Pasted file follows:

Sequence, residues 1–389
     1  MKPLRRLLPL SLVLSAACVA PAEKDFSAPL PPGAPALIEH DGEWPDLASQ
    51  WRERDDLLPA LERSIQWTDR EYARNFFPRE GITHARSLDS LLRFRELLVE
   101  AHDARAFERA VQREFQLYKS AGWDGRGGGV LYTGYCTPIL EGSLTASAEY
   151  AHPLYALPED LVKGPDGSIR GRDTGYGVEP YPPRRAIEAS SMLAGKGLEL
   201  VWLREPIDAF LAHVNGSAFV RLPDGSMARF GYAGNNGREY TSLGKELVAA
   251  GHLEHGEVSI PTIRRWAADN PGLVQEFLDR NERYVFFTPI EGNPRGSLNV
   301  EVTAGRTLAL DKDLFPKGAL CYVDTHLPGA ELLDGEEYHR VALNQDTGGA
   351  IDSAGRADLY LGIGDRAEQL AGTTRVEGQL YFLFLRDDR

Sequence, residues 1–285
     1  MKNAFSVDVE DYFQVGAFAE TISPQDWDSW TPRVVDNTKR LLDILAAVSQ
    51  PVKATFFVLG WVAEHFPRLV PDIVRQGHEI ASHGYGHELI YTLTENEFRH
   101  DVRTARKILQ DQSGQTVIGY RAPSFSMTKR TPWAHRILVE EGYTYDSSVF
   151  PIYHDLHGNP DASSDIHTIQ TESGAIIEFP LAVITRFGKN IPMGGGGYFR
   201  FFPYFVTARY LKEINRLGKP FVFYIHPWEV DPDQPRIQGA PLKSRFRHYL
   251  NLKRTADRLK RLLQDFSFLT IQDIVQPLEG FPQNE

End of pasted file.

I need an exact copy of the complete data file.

Sequence, residues 1–389
     1  MKPLRRLLPL SLVLSAACVA PAEKDFSAPL PPGAPALIEH DGEWPDLASQ
    51  WRERDDLLPA LERSIQWTDR EYARNFFPRE GITHARSLDS LLRFRELLVE
   101  AHDARAFERA VQREFQLYKS AGWDGRGGGV LYTGYCTPIL EGSLTASAEY
   151  AHPLYALPED LVKGPDGSIR GRDTGYGVEP YPPRRAIEAS SMLAGKGLEL
   201  VWLREPIDAF LAHVNGSAFV RLPDGSMARF GYAGNNGREY TSLGKELVAA
   251  GHLEHGEVSI PTIRRWAADN PGLVQEFLDR NERYVFFTPI EGNPRGSLNV
   301  EVTAGRTLAL DKDLFPKGAL CYVDTHLPGA ELLDGEEYHR VALNQDTGGA
   351  IDSAGRADLY LGIGDRAEQL AGTTRVEGQL YFLFLRDDR

Sequence, residues 1–285
     1  MKNAFSVDVE DYFQVGAFAE TISPQDWDSW TPRVVDNTKR LLDILAAVSQ
    51  PVKATFFVLG WVAEHFPRLV PDIVRQGHEI ASHGYGHELI YTLTENEFRH
   101  DVRTARKILQ DQSGQTVIGY RAPSFSMTKR TPWAHRILVE EGYTYDSSVF
   151  PIYHDLHGNP DASSDIHTIQ TESGAIIEFP LAVITRFGKN IPMGGGGYFR
   201  FFPYFVTARY LKEINRLGKP FVFYIHPWEV DPDQPRIQGA PLKSRFRHYL
   251  NLKRTADRLK RLLQDFSFLT IQDIVQPLEG FPQNE